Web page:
HomeArticlesEconomicsRethinking Economic Incentives


Rethinking Economic Incentives — 4 Comments

  1. Concurrent with the establishment of a government, the power of taxation is implicit, to pay for the basic functions of government – common defense and security, the judiciary, and the regulation of commerce by the legislature. Needless to say, taxation has increased in scope and complexity. At this point in time, and for many reasons, government expenditures have exceeded revenues. The reasons for this imbalance can be traced back to many years of financial mismanagement and political malfeasance. All branches of the government and cabinet members ought to confront this defect with urgency and seriousness. Revenues must increase, corruption and waste must be rooted out, and expenditures must decrease. So, far a piece meal approach to solving a systemic problem has not worked. The system tries to bring itself back to an even keel while protecting special interest groups who seem to show little concern for the gravity of the economic crisis. It is likely the system will become insolvent. Nevertheless, the nation can continue to function while going through an unavoidable restructuring. Neo-socialist policies will have to be put into place. Too big to fail enterprises must be forced to restructure. Government will be forced to take ownership of energy production – for example, build oil refineries and drill for oil on federal land. Expand the use of nuclear energy under state control. Legal reforms are needed to root out corruption and bring down the excessive costs in the delivery of healthcare to families and retirees. The problem of the insolvency of the government must be attacked in the same manner a doctor attacks the growth of cancer in a patient’s body. In this sense exceptional visionary leadership must emerge that re-clarifies the balance sheet of the American dream. Neo-socialism shall emerge to ensure that public assets will not be exploited for exclusive corporate gain. At the core of this new political paradigm will be the core values derived from the Creator, the grantor or inalienable rights, reciprocal obligations, ideal interdependence and mutual prosperity.

  2. Gentelmen All and Sages all for sure; at the risk of being redundant I must remind that if the congress were to assume its rightful role as the creator of our Fiat instead of their borrowing of monetary notes there would be no need for taxes. Congress could create, then spend into circulation without debt. We could have our cake and eat it too.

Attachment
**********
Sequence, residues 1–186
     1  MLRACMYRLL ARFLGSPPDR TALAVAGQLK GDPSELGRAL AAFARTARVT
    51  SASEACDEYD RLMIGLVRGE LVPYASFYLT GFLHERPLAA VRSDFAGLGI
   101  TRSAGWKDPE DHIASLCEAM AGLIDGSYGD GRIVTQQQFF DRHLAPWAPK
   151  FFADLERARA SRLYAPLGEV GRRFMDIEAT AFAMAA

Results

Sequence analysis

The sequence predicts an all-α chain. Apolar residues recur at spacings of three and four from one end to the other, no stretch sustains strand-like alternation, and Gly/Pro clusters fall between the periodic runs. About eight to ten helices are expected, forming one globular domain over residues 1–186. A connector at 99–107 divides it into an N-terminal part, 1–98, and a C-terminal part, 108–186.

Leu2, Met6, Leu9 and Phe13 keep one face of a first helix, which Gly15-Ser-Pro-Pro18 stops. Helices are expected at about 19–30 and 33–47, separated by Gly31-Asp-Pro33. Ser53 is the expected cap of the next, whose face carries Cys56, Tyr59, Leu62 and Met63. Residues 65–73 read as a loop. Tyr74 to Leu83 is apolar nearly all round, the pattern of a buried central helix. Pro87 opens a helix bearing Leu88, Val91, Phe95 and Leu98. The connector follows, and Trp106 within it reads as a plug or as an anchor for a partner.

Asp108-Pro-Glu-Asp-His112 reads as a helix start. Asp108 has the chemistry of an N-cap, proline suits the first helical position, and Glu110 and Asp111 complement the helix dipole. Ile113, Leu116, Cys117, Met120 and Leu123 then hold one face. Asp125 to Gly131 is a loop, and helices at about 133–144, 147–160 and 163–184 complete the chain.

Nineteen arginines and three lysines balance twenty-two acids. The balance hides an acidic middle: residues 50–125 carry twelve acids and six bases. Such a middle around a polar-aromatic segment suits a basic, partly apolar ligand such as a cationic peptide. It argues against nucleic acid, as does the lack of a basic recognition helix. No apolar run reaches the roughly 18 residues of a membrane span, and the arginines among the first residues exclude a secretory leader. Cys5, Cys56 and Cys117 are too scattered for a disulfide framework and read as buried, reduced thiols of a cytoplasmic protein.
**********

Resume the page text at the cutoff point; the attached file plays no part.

Instead the Fed. loans the treasury permission to create these stupid notes that are then spent into circulation and we are stuck with bill.
    Now how uncool is that?

    I find no evidence of any constitutional money ever loaned to Congress by the Fed. at any time.

    If I’m wrong about that SHOW ME THE MONEY.

    Fix this problem first and the rest should be a lot easier. God bless and keep up your good work.

  3. The Republican Governors in every state appear to be making significant cuts to the higher education financing at state colleges and that means tuition hikes so how are my going to afford tuitions now?

  4. This is a very good question. Governors and legislatures are forced to cut back because the system is now unsustainable.

    Colleges, like governments, have both lacked fiscal control. They are both built on the old industrial model of organization that that allowed enormous bureaucratic overhead and lacked competitive efficiency. Tuition is generally overinflated because of this problem already, particularly in schools that receive state support, as administrators have passed on the cost of inefficiencies to students and the government rather than implementing sustainable reforms that take substantial willpower and skill. So yes, they will likely try to raise tuition again, and probably not seek to reform themselves until more students seek alternative forms of education and they seek to draw them back.

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